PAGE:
Dollar steady despite massive drop in share markets

The New Zealand dollar was largely unchanged against the US dollar, holding its ground despite Asian share markets tumbling after Wall Street took an overnight nosedive as investors fretted about rising US yields.

The kiwi traded at 64.75 US cents at 5pm in Wellington from 64.62 US cents at 8am and 64.84 US cents late yesterday. The trade-weighted index was at 70.95 from 70.98 late yesterday.

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The Standard & Poor’s 500 ended Wednesday with a loss of 3.29 per cent, the Nasdaq Composite shed 4.08 per cent and the Dow Jones Industrial Average fell 3.2 per cent. New Zealand’s S&P/NZX 50 index was down 3.6 per cent at 5pm, tracking a sea of red in Asia.

The New Zealand dollar has been “remarkably resilient given how much stock markets fell overnight and today,” said Imre Speizer, Westpac Banking Corp’s head of NZ strategy.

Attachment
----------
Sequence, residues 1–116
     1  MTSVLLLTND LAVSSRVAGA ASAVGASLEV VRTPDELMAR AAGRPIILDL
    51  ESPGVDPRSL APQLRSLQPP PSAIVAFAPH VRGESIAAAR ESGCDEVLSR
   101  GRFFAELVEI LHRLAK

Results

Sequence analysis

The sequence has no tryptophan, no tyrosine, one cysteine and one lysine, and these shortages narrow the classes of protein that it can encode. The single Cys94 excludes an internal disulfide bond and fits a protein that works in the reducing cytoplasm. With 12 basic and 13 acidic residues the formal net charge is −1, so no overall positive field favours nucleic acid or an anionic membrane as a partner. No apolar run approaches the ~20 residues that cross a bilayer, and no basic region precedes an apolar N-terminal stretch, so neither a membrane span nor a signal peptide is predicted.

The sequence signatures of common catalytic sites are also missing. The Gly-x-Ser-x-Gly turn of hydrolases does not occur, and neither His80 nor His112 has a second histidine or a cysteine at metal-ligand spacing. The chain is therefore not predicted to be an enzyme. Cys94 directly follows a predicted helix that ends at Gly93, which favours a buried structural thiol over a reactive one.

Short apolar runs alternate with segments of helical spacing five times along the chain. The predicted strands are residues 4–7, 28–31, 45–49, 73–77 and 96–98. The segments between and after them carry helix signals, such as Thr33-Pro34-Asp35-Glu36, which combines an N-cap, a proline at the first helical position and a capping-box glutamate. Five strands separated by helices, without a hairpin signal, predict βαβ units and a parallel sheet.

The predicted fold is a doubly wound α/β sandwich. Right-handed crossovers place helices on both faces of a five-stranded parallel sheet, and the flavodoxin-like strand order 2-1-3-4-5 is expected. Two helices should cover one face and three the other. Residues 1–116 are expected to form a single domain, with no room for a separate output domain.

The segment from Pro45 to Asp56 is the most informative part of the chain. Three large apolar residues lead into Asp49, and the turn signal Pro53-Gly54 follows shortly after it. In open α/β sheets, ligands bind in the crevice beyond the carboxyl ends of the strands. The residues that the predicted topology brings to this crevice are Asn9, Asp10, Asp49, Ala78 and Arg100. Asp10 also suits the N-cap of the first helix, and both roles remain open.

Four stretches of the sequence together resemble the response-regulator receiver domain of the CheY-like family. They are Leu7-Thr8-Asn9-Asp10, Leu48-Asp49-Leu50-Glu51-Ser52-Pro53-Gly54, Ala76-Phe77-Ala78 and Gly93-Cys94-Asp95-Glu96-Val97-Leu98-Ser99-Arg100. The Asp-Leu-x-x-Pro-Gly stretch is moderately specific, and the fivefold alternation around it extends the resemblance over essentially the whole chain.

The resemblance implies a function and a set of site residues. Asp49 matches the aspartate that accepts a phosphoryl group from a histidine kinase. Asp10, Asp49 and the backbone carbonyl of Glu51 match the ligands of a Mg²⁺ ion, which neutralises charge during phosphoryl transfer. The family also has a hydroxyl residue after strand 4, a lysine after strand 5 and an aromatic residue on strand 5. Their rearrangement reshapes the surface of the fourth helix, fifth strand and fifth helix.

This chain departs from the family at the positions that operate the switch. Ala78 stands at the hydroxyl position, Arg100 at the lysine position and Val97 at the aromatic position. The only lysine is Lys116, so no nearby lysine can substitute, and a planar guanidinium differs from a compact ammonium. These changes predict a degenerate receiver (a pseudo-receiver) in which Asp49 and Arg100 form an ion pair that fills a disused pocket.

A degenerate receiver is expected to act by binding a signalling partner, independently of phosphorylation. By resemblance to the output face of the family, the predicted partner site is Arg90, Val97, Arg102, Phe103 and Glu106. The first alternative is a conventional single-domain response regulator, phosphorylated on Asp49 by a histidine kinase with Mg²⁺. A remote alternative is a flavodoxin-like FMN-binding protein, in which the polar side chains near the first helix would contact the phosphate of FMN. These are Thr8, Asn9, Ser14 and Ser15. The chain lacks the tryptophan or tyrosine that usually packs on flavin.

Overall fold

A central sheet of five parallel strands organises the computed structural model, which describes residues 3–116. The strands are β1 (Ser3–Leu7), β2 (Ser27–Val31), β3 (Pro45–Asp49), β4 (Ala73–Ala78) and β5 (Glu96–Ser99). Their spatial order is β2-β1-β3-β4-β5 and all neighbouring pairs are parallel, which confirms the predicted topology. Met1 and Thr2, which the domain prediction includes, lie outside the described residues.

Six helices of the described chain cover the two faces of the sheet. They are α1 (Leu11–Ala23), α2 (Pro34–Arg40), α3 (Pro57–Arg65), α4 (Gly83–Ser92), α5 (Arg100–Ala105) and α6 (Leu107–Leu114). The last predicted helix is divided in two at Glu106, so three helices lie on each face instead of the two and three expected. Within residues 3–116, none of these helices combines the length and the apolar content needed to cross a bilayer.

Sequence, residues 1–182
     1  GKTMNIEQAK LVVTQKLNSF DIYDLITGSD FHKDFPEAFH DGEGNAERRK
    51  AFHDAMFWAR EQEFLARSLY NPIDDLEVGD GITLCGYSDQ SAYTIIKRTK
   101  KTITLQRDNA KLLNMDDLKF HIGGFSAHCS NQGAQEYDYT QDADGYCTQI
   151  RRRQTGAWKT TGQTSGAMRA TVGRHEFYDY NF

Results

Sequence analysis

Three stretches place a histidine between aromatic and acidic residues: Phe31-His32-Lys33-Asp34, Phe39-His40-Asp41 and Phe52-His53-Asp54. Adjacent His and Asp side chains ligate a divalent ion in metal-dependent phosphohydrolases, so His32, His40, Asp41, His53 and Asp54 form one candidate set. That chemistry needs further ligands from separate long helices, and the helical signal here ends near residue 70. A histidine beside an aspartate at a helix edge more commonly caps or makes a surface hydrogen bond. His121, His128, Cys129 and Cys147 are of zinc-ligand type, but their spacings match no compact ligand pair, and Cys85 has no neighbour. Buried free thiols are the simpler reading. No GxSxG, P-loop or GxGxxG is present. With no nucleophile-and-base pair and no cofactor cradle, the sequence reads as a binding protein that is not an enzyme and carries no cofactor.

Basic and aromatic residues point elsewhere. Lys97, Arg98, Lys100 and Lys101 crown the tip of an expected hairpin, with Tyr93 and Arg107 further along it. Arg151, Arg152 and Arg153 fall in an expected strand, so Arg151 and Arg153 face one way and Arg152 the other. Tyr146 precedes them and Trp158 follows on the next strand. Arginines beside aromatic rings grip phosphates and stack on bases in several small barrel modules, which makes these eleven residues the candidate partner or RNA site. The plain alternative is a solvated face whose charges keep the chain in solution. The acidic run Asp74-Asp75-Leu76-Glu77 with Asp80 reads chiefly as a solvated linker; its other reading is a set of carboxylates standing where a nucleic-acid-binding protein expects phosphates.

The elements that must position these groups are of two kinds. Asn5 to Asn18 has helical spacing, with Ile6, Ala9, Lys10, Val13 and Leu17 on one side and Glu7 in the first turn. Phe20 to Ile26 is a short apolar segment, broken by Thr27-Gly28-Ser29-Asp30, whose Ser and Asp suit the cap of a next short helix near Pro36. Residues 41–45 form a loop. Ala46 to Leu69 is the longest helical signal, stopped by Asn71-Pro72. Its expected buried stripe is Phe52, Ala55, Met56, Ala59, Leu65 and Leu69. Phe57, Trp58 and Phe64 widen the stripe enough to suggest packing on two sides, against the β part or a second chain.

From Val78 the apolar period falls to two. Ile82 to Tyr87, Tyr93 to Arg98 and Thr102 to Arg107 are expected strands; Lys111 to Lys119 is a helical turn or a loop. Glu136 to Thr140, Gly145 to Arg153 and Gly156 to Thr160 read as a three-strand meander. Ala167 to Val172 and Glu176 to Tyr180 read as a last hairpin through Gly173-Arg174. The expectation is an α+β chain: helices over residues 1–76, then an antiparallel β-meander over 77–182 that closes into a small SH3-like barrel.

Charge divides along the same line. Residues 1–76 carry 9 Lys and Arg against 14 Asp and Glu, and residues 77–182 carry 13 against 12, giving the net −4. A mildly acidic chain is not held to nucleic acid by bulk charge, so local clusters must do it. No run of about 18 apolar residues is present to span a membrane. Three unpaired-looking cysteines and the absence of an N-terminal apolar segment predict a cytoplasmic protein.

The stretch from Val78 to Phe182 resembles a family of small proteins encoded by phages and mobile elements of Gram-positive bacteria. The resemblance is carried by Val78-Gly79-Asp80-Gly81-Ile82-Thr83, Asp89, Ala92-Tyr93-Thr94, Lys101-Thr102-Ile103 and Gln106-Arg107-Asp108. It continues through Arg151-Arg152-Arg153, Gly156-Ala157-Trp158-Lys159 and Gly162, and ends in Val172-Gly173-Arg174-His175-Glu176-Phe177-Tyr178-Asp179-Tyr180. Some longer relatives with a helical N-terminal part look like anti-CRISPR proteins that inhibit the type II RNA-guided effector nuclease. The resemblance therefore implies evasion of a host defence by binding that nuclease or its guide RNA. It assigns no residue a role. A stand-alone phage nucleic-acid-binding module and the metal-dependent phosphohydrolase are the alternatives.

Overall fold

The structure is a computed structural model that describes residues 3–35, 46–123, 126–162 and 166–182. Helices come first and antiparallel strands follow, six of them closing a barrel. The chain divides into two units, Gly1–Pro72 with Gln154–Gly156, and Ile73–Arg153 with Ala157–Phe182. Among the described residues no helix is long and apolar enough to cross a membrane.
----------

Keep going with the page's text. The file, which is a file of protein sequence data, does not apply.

The kiwi held up partly because the market has now fully priced the Federal Reserve’s tightening cycle and also because the kiwi’s recent sharp fall means it is trading below fair value at around 68 US cents.

Comments from US President Donald Trump, who pointed an accusing finger at the Fed for raising interest rates, also helped keep a lid on the greenback. “I really disagree with what the Fed is doing,” Trump told reporters. “I think the Fed has gone crazy.”

Speizer said any hint of possible government pressure on the Federal Reserve will make markets nervous. The yield on US 10-year Tressuries also pulled back to 3.15 per cent after touching a high of 3.26 per cent earlier this week.

The focus now will be on US September consumer price index figures due later today. A higher-than-expected

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